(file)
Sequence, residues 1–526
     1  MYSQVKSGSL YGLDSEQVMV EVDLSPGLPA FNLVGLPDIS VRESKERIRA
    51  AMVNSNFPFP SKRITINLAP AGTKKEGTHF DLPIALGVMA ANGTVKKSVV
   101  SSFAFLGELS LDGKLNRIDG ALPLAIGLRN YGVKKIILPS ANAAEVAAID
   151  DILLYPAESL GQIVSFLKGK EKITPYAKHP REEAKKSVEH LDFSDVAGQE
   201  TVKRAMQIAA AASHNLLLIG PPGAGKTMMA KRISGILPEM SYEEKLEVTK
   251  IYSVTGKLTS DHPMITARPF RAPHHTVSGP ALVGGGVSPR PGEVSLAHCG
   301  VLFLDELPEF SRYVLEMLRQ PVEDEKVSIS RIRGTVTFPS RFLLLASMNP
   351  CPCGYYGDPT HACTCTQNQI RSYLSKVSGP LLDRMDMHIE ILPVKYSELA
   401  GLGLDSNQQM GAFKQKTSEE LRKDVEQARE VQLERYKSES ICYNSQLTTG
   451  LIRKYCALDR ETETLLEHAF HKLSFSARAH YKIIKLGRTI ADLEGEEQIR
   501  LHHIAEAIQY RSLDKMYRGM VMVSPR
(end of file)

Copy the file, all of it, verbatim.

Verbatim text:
Sequence, residues 1–526
     1  MYSQVKSGSL YGLDSEQVMV EVDLSPGLPA FNLVGLPDIS VRESKERIRA
    51  AMVNSNFPFP SKRITINLAP AGTKKEGTHF DLPIALGVMA ANGTVKKSVV
   101  SSFAFLGELS LDGKLNRIDG ALPLAIGLRN YGVKKIILPS ANAAEVAAID
   151  DILLYPAESL GQIVSFLKGK EKITPYAKHP REEAKKSVEH LDFSDVAGQE
   201  TVKRAMQIAA AASHNLLLIG PPGAGKTMMA KRISGILPEM SYEEKLEVTK
   251  IYSVTGKLTS DHPMITARPF RAPHHTVSGP ALVGGGVSPR PGEVSLAHCG
   301  VLFLDELPEF SRYVLEMLRQ PVEDEKVSIS RIRGTVTFPS RFLLLASMNP
   351  CPCGYYGDPT HACTCTQNQI RSYLSKVSGP LLDRMDMHIE ILPVKYSELA
   401  GLGLDSNQQM GAFKQKTSEE LRKDVEQARE VQLERYKSES ICYNSQLTTG
   451  LIRKYCALDR ETETLLEHAF HKLSFSARAH YKIIKLGRTI ADLEGEEQIR
   501  LHHIAEAIQY RSLDKMYRGM VMVSPR